Coach

Coach: (n) a person who teaches and trains the members of a sports team

The same tenacity and grit which is necessary to make one successful can just as easily be used to commence a life of crime.

This is the difficulty the adults in our lives face when they train us, and of course, coach us.

They certainly know that initiative, spunk and creativity are essential for forming the building blocks of a prosperous lifestyle. Yet in the moment, these particular attributes, especially when spoken from the nasally nastiness of adolescence, can be obnoxious.

So our instructors often have to find out whether our conduct, being sweet and kind, is a foretelling of goodness or brain death–and if our unwanted opinions prophesy greatness or the possibility of time spent “upstate.”

Let me give you an example.

During a football game, when we were losing 48 to nothing, I ran to the sideline and said the following to my coach: “Come on, coach! This defense you put together for us is just not working!”

I was fourteen at the time, and he was probably in his mid-twenties, trying desperately to survive the humiliation of being drummed by his rival on this field of debauchery.

I noticed that my coach’s face began to twitch. His eyes expanded. The veins in his head popped out, and his countenance became crimson as he slowly said, “Please sit down. Our defense is fine.”

I noticed that he avoided me for the rest of the game, as I avoided many tackles.

Fortunately, he did not personally address my inadequacies and focus on them because of my snippy, snarky comment. He restrained himself, and therefore, I believe I grew up using my precocious nature for good instead of joining forces with the villains to destroy Batman.

It’s not easy being a coach. You don’t always win, but end up stuck with your team, no matter what the score. You can’t blame them or you look like an idiot. You can’t accuse the referees or you appear to be a sore loser.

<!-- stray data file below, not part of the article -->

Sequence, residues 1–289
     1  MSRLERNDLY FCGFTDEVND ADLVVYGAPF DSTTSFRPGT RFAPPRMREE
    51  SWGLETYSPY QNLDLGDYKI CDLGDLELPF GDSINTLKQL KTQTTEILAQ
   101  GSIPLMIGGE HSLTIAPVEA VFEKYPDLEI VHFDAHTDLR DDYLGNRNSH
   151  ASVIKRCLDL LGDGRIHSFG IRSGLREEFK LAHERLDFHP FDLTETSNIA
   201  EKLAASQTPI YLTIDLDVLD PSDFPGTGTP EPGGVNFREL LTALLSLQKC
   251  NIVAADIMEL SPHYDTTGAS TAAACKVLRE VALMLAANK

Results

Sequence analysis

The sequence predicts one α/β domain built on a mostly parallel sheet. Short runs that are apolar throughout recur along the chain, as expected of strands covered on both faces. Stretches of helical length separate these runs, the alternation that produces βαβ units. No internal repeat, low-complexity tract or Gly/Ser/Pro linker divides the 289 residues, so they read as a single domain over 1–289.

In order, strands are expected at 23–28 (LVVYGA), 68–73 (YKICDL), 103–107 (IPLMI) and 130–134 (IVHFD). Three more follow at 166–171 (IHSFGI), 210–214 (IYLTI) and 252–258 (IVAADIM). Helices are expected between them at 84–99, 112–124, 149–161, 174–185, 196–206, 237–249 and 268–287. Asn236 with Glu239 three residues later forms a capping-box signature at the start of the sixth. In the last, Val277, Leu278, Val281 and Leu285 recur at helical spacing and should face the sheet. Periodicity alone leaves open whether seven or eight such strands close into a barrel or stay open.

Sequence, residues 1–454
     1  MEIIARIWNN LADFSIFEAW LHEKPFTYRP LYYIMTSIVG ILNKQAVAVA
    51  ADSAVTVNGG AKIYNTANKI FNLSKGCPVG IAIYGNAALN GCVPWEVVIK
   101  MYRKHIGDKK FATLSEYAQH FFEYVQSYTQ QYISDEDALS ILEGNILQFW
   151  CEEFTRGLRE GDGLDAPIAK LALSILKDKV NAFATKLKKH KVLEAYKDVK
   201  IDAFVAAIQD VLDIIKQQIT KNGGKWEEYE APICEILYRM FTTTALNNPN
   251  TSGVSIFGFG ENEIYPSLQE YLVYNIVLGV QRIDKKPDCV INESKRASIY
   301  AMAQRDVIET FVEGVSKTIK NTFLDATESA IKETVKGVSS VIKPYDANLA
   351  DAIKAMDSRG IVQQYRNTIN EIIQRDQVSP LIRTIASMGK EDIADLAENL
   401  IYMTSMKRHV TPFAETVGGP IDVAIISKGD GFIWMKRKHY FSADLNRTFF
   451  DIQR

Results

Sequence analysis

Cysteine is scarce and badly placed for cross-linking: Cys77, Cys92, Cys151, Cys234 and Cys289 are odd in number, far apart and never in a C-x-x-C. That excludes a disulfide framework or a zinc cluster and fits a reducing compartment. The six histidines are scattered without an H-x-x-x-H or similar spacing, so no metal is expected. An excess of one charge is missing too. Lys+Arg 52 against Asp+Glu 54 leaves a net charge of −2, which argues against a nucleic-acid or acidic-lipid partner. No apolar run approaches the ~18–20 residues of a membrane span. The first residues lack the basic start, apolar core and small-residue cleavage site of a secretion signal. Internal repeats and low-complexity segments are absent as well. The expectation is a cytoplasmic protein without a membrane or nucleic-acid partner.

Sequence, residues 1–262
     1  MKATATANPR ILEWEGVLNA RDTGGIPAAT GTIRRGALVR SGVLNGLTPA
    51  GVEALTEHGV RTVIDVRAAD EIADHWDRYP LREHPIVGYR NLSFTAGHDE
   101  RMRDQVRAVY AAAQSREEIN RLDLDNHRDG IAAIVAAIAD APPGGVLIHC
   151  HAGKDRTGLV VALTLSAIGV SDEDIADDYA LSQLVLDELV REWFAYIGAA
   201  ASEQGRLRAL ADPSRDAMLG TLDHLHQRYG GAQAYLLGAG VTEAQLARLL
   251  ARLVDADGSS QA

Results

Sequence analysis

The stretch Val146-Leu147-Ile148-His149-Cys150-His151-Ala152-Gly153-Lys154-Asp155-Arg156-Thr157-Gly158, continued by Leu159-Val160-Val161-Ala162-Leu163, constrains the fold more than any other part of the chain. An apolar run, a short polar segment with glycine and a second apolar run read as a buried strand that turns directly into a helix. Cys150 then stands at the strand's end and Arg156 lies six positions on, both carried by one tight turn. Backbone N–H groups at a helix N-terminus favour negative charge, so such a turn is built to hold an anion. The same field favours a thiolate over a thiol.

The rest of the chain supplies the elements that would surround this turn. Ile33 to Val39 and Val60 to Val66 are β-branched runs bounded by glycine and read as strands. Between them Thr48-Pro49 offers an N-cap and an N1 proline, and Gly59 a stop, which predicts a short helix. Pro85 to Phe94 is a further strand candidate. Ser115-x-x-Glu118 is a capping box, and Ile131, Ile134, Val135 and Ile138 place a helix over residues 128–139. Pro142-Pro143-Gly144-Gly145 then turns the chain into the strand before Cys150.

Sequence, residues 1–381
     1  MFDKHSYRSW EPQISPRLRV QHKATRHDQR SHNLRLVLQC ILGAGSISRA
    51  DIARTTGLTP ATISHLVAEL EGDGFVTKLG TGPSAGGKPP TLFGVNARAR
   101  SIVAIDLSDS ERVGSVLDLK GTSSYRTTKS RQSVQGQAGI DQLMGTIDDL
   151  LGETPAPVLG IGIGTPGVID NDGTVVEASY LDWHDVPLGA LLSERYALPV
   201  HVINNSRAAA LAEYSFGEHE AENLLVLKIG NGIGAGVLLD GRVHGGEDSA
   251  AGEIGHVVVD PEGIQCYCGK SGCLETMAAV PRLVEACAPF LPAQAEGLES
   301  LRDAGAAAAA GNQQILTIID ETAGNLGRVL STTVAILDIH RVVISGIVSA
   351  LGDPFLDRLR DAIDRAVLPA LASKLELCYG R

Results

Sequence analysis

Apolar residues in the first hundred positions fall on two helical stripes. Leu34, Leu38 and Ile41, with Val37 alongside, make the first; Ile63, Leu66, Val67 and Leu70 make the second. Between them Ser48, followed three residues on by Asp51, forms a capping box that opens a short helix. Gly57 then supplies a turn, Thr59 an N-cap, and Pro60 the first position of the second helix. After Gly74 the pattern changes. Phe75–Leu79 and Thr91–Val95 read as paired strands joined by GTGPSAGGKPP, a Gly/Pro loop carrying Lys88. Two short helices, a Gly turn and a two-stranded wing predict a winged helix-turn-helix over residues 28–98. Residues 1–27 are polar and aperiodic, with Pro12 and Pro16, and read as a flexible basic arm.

All you can do is teach what you know, and hope, by the grace of God, it’s enough.

 

 

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Background

Background (n) the circumstances or situation prevailing at a particular time or underlying a particular event.

“What’s your background?”Dictionary B

A very popular question.

I learned many years ago to dodge all inquiries which attempt to squeeze me into a favorable box.

Once people discover the roots of my nationality, the place of my birth, my chosen occupation and even my favorite color, for some reason, these nosy neighbors determine that they know enough about me to converse with me–or even market a product–in my direction.

I believe this is why we’re so juiced up on the idea of cultures and customs. Because once we determine that somebody is from Jamaica, then we are most assuredly confident that they must love reggae music.

So how difficult is it to be a rock and roll advocate and live in Jamaica?

How absolutely frustrating must it be to live in Wisconsin and have never eaten cheese?

Can you actually dwell in Iowa or Nebraska without having a running dialogue on raising corn?

The thing that makes us most uninteresting is the thing that we seem to pursue with great fervor.

“Let me shrink who you are so that who you are will fit into what I need you to be.”

So even as I watch the phenomenon of the gay community gaining credence in our society, television insists that all gay people speak with a lisp, love theater, cry at the drop of a hat and are basically snarky.

So what are we really achieving when we claim to be accepting of people–but we’re really only accepting of people when they arrive in large, definable clumps?

I will not tell you my background.

What I will share is my present footing and what I dream to be my foreground.

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Thank you for enjoying Words from Dic(tionary) —  J.R. Practix

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